The directors believe the film is a good reminder on how to inspire people appreciate little things in life and cherish their home and culture. “This story is not only about these three women, but also appreciation of our home and community overall – how even if a community is gradually fading away and the opportunities are scarce, its members are still willing to stay until the end,” Lehola said. “Although many of the younger people don’t see their futures in the island, they still appreciate very much their home and traditions.”

The future is far from certain

Talking about Kihnu’s future, Lehola said it was uncertain, but it would be possible to predict some developments. “Kihnu is very much dependent on tourism on these days. In 2003, UNESCO proclaimed Kihnu’s cultural space and traditions as a Masterpiece of the Oral and Intangible Heritage of Humanity, which is also one of the reasons its people have a positive attitude towards foreigners who are interested of seeing the island’s culture. The visitors come from as far as Japan, China and other distant countries.”

In addition to tourism, locals also earn money with fishing, knitting and selling their craft or agricultural products. “So far, the island’s geographical isolation, the strong sense of community spirit and their steadfast attachment to the customs of their ancestors have enabled the Kihnu people to preserve their crafts and customs,” Lehola explained.

However, as the interviews conducted for the documentary prove, the customs are also threatened. “For example, the majority of the younger locals have stopped communicating in the local dialect and many of them, for example, do not know how to make local handicraft or cook traditional Kihnu bread. They say that it’s something they will learn if they feel it’s necessary. Kihnu kiel, which is also taught in school, is a dialect they know how to speak, although they would rather speak Estonian because everyone else speaks it,” Lehola said.

According to Lehola, there are some concerning signs which indicate the island’s inhabitancy might be under pressure in the long run. “Luckily, the Kihnu people have a strong will – and more than anything, they want to sustain their island’s cultural heritage and traditions. In the documentary, we concentrate specifically on women, because they have been considered the ones who have kept the island alive until now. It’s a heart-warming and inspirational story for people who might feel disconnected from their homes or feel generally lost in their lives.”


Cover: Local community dancing in Kihnu. All images by Meelika Lehola.

Estonian culture introduced in three Hungarian cities

A week full of Estonian cultural events is taking place from 14-26 March in three Hungarian cities – Budapest, Debrecen and Szeged.

For the tenth time already, the Estonian Institute brings the latest highlights in the country’s cultural scene to Hungary. For those unaware, the two countries share linguistic connection – Hungarian is a member of the Uralic language family and is distantly related to Estonian as well as Finnish. Hence, the historical and cultural contacts between Estonia and Hungary go way back.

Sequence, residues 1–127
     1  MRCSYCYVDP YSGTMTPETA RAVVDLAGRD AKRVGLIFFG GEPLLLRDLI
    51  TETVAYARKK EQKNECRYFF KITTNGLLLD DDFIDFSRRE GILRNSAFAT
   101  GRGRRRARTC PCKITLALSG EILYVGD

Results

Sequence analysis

This year’s programme starts at the Budapest Centre of Architecture with the exhibition “Where Did Euro Disappear?” by the Union of Estonian Architects. The exhibition presents a selection of construction projects completed in Estonia in 2006-2015 thanks to the grants of the European Union, forming an important and recognisable layer in the Estonian city and country landscapes.

The curators predict that these buildings will probably be compared, decades from now, in the same weight category as Baltic-German manors or the Soviet architecture. “Perhaps this era will then be referred to as Euro architecture,” the curators say.

Film programme the most popular

Over the years, the film programme has proven to be the most popular part of the Estonian week in Hungary. This year, four recent feature films will be screened in Budapest, Debrecen and Szeged: “The Days That Confused”, “Pretenders”, “The Polar Boy” and “The Spy and the Poet”. A selection of new Estonian animated films as well as Ülo Pikkov’s film programme will also be shown.

Literary tradition will be represented by poet Kristiina Ehin and writer Mari Saat. Ehin’s poetry and Saat’s novel, “Lasnamäe lunastaja” (“The Redeemer of Lasnamäe”), reached the Hungarian audience thanks to the translator and Estonian literature admirer, Béla Jávorszky, last year.

An ensemble called Verbarium takes the stage with songs written to the poems of Kersti Merilaas and August Sang in the jazz club Opus, which is a long-term collaboration partner of the Estonian week in Budapest. The band has drawn inspiration from folk and world music, but also rock and jazz.

People can also taste Estonian food during the cultural week. The Budapest bistro, Kazimír, offers meals inspired by traditional Estonian recipes – the menu includes both kama cream as well as herring salad.


Cover: Kristiina Ehin (photo by Ardo Säks.) Please consider making a donation for the continuous improvement of our publication.